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What is Torque?

Jul 18, 2019

Torque is a twisting force that speaks to the engine’s rotational force and measures how much of that twisting force is available when an engine exerts itself.

Torque is present in everyday happenings, such as operating a doorknob, opening a soda bottle, using a wrench, or pedaling a bicycle. It’s torque that’s getting the job done!

Let’s break it down further. Imagine you’re tightening a bolt, using a wrench. You’ll apply some amount of force to the end of the wrench, which is transferred to the bolt at the other end. This applies torque, or a twisting force, to the bolt.

While horsepower is simply measured in horsepower, torque is typically measured in pounds feet (lb.-ft).

Here’s how that works: If we continue with our wrench example and you imagine you’re using a specific one-foot long wrench to tighten a bolt. Applying one pound of force to the end of that one-foot long wrench exerts one lb.-ft of torque on the bolt. More torque can be applied by adding more weight, or, by using a longer wrench.

The lug nuts that attach the wheels to your car typically need to be tightened to about 100lb.-ft of torque — meaning the operator must apply 100 pounds of force to the end of a foot-long wrench.

How Torque Works in a Vehicle

All engines, whether gasoline or hybrid, generate a certain amount of both horsepower and torque. The two are related to one another, and both express engine output in different ways. Torque is even used in the calculation of an engine’s horsepower. Both horsepower and torque are measured to give shoppers a sense of the performance they might expect from their vehicle.

Engines in mainstream cars and trucks typically generate 100 to 400 lb.-ft of torque. That torque is created by the pistons within an engine as they reciprocate up and down on the engine’s crankshaft, causing it to rotate (or twist), continuously. This torque is then transferred to the vehicle’s wheels through the transmission and drivetrain.

Torque output is a result of many variables, including the size of the engine, and how it is designed to operate.

In simple terms, the more torque an engine has, the better suited it is to hard work such as towing, hauling or climbing steep grades. This is why torque is often the figure of utmost importance when moving something big and heavy, like a truck with a trailer attached.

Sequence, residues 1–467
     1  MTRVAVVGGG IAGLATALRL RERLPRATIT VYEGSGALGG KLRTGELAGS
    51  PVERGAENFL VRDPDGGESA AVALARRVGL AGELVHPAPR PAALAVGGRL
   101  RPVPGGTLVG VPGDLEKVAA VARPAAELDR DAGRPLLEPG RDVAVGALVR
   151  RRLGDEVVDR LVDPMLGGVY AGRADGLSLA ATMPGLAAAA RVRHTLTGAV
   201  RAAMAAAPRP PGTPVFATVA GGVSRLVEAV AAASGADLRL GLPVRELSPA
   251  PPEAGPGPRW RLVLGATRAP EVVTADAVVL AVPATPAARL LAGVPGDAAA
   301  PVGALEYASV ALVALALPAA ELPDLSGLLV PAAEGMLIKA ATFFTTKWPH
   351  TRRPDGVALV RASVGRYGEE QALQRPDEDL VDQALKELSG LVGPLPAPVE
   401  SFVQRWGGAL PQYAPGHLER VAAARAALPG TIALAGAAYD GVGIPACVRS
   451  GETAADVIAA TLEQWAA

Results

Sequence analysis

Torque vs Horsepower — What’s the Difference

Horsepower and torque are different means of expressing the performance of a vehicle’s engine.

Horsepower conveys the engine’s overall capability across all conditions. Conversely, torque output conveys the peak output available from that engine, in a specific moment when it’s doing its hardest work.

To illustrate, lets imagine you’re shopping for a new stereo system. You might consider how loud the stereo goes. The maximum listening volume possible for sustained playback is like the horsepower of an engine: a good indication of how much power that stereo has.

Now, consider the stereo’s bass. Bass is a part of the listening experience that plays into the maximum volume (horsepower), though the bass is more likely to be evaluated for its peak level of ‘punch’, created for a brief moment.

In this way, horsepower is like the volume of a stereo, and torque is like the bass: both attributes are worth knowing, and for certain types of music (or vehicles), one may be more important than the other.

Key Differences Between Horsepower and Torque

Horsepower provides a measurement of the engine’s overall performance. Torque provides a simple measurement of the maximum twisting force that engine can generate, when worked hard.

This is why pickup trucks have high-torque engines that generate more torque than a small car.

For instance, the Toyota Tundra’s 5.7L i-FORCE V8 engine has 381 horsepower, backed by a mighty 401 lb.-ft of torque. That high torque level provides drivers with plenty of capability for handling challenging work, such as towing, hauling, and climbing steep grades.

Conversely, the Toyota Corolla Hatchback comes with a Dynamic Force four-cylinder engine, with 168 horsepower and 151 lb.-ft of torque. In this vehicle, high torque output isn’t necessary, and fuel economy is a priority, so horsepower and torque are set by the engineers to balance pleasing performance against excellent fuel efficiency.

Finally, consider the hybrid car, which uses a gasoline engine that’s enhanced by an electric motor.

Electric motors are torque superstars, since they provide their full torque output instantly. You’ll see this next time you use your blender: The instant you turn it on, its electric motor applies maximum torque to the rotating blades, immediately, and with no waiting.

It’s this same instant and potent torque output that helps hybrid vehicles like the Toyota Prius, Corolla Hybrid and RAV4 Hybrid offer both reduced fuel consumption and improved performance.